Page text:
On BirdNote, for the week of 12 July 2009. BirdNotes can be heard live seven mornings per week at 8:58-9:00am on NPR affiliated radio stations throughout Western Washington state and Southern British Columbia, Canada. All episodes are available in the BirdNote archives, both in written transcript and mp3 formats, along with photographs, so you can listen to them anytime, anywhere. Listener ideas and comments are welcomed. [Podcast and rss]. If you would like to $upport BirdNote, I encourage you to purchase one of their wonderful “birdy” items from their online BirdNote Store.
The Delaware Bay in New Jersey state is the site of the largest horseshoe crab orgy in the world. Mating season brings millions of crabs onto the beaches, and tens of thousands of migratory shorebirds, including endengered red knots, who gorge themselves on crab eggs on their way to the Arctic. [streaming 7:40]
Bird Publications News
Would you like an avian anatomy book — free? If so, you can download one, two or all three books as PDFs. Note that each book must be uploaded to someone’s computer at least once every 90 days, or the file will be automatically deleted by RapidShare, so please share this link with your friends. [NOTE: There might be a waiting period between downloads]
The Anatomical Atlas of Gallus by Mikio Yasuda is the English edition of the Japanese book published by the University of Tokyo in 2002. This download was scanned from a library book and has been reduced to 80% of its full size so two scanned pages will appear per standard computer screen [228 scanned pages (446 pages total), 46 MB; PDF link through RapidShare].
A Colour Atlas of Avian Anatomy by J. McLelland with a forward by Julian Baumel and published in English by Wolfe Publishing (Aylesbury, England) in 1990 [127 pages, 28 MB; PDF link through RapidShare]. This download consists of PDF sections that can be read in their entirety only if you page through the book page-by-page using the toolbar.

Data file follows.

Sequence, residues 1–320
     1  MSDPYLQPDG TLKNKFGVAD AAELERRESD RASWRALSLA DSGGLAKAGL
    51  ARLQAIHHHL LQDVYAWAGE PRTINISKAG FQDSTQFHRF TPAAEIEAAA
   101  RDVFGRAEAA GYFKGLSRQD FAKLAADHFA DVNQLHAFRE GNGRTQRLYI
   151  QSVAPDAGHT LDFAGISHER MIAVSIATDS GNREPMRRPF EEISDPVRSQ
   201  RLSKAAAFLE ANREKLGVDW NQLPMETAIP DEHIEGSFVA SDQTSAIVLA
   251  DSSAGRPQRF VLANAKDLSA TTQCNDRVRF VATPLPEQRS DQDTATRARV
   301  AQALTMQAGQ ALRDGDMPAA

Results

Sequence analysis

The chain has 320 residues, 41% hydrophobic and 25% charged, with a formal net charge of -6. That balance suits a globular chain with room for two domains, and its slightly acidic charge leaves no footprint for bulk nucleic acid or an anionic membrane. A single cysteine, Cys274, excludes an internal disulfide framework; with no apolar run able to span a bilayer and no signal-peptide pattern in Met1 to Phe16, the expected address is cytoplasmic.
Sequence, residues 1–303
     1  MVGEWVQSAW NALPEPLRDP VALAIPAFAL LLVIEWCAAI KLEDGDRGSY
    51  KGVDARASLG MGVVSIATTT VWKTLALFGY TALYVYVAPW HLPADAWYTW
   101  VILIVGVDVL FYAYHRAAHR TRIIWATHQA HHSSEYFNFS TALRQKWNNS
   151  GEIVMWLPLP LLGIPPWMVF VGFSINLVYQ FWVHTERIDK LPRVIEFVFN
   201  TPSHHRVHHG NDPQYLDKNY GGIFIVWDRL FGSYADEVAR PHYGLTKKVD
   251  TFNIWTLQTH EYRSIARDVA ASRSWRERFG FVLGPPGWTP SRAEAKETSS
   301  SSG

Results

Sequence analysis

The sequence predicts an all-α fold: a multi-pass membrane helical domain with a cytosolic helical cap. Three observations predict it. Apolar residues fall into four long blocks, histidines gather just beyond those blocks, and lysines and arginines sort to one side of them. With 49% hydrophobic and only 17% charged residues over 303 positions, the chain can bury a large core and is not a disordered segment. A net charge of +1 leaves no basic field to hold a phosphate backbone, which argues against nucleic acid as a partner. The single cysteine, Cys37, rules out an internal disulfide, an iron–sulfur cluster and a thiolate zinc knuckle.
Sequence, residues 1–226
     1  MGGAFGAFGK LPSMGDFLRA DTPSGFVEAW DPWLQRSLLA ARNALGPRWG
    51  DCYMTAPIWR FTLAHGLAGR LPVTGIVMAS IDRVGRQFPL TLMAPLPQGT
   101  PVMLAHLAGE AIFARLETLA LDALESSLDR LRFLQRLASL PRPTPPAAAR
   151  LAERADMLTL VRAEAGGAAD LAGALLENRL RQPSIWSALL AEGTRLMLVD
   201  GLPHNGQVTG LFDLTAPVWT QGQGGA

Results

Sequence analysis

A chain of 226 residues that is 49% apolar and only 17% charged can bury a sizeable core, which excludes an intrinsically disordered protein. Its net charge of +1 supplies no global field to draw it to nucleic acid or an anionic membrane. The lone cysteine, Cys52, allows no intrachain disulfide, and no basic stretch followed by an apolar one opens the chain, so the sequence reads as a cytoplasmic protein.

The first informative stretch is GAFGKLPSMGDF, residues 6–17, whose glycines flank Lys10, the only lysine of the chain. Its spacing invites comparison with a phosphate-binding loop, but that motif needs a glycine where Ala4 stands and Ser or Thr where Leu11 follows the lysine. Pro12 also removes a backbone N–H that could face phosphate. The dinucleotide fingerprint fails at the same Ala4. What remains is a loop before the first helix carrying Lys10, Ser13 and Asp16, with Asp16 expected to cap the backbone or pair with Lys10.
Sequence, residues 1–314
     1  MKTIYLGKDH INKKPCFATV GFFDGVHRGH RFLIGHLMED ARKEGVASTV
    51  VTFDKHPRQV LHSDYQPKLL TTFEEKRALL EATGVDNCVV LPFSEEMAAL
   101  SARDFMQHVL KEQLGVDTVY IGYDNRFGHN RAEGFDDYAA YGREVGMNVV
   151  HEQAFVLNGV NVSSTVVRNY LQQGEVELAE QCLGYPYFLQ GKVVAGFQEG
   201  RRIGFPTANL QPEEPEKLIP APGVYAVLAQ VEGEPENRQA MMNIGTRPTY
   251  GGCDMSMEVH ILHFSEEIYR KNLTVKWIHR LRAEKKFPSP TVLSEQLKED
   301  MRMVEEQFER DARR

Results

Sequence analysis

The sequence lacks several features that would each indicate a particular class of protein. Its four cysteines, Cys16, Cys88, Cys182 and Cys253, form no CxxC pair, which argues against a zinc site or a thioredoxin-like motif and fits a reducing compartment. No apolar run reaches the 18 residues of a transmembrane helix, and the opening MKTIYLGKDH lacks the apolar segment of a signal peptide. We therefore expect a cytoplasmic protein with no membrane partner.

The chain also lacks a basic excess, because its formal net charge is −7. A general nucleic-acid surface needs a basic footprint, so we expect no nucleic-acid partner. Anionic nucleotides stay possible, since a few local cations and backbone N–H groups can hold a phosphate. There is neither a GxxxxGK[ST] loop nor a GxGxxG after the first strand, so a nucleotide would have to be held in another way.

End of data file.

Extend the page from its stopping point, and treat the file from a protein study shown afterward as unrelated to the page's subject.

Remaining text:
Julian Baumel’s celebrated Handbook of Avian Anatomy: Nomina Anatomica Avium, 2nd Edition, published in 1993 by the Nuttal Ornithological Club. This book is the definitive avian anatomy book that scientific papers cite, compare and contrast their findings to, so even if you don’t use this as your primary anatomy book, you will need this to publish your findings, and to properly understand other scientists’ papers. [409 scanned pages (779 pages total), 49 MB; PDF link through RapidShare].
While you are at RapidShare, you can also pick up a free book about the Endemic Birds of Sri Lanka [PDF link through RapidShare].
Here’s the latest edition of Ian Paulsen’s Birdbooker Report for you to enjoy. While this report does list books for sale from a variety of genres, it got its start by listing newly published bird books, as its name implies.
Bird Identification Quizzes
If you are interested to participate in a daily online discussion of bird identification, please go to the Mystery Birds archive. It is updated daily, and you are given 48 hours to identify each bird before its identification and an analysis is published. You are also invited to check out the previous Mystery Birds to improve your birding skills, some of which have an accompanying analysis, written by master birder Rick Wright, for identifying that particular species.
Miscellaneous Bird News
Harry and Pepper, the San Francisco Zoo’s long-term same-sex penguin couple, have split up. And you might say there’s a disreputable dame to blame. The couple’s relationship began in 2003 and the breakup came as a shock to the couple’s zookeepers because Harry and Pepper, both Magellanic penguins, had long seemed one of the zoo’s happiest avian partnerships, according to zookeeper Anthony Brown. Last year, the pair was allowed to incubate and hatch an egg another penguin had laid. “Of all of the parents that year, they were the best,” Brown said. “They took very good care of their chick. He ended up being the largest chick on the island.”
Prince Andrew accepted an unusual gift recently: a rare white female gyrfalcon from Sheikh Sultan Bin Tahnoon al-Nahyan of Abu Dhabi, in recognition of the special bond between the UK and the UAE. The bird, highly prized by Arab falconers, will be named by the prince, who is said to have a keen interest in falcons.
The Fine Print: Thanks to Ian, Bob, Sam, TravelGirl, Ellen, Jeremy and Ron for sending story links. Thanks in advance to Ian Paulsen for catching my typos; as you probably know by now, I put a few typographical errors in these documents just so Ian can find them!